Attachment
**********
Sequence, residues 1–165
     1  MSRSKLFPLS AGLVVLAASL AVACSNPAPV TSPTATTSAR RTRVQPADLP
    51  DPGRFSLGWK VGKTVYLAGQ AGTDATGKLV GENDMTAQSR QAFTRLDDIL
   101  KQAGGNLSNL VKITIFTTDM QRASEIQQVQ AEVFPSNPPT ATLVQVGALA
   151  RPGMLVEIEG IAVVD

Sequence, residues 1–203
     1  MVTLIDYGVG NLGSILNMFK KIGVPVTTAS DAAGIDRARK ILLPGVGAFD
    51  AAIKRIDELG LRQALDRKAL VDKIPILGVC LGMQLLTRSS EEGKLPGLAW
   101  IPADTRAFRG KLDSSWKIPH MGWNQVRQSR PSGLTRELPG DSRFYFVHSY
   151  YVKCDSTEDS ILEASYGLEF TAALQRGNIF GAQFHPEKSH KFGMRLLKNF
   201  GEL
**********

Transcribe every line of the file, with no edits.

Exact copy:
Sequence, residues 1–165
     1  MSRSKLFPLS AGLVVLAASL AVACSNPAPV TSPTATTSAR RTRVQPADLP
    51  DPGRFSLGWK VGKTVYLAGQ AGTDATGKLV GENDMTAQSR QAFTRLDDIL
   101  KQAGGNLSNL VKITIFTTDM QRASEIQQVQ AEVFPSNPPT ATLVQVGALA
   151  RPGMLVEIEG IAVVD

Sequence, residues 1–203
     1  MVTLIDYGVG NLGSILNMFK KIGVPVTTAS DAAGIDRARK ILLPGVGAFD
    51  AAIKRIDELG LRQALDRKAL VDKIPILGVC LGMQLLTRSS EEGKLPGLAW
   101  IPADTRAFRG KLDSSWKIPH MGWNQVRQSR PSGLTRELPG DSRFYFVHSY
   151  YVKCDSTEDS ILEASYGLEF TAALQRGNIF GAQFHPEKSH KFGMRLLKNF
   201  GEL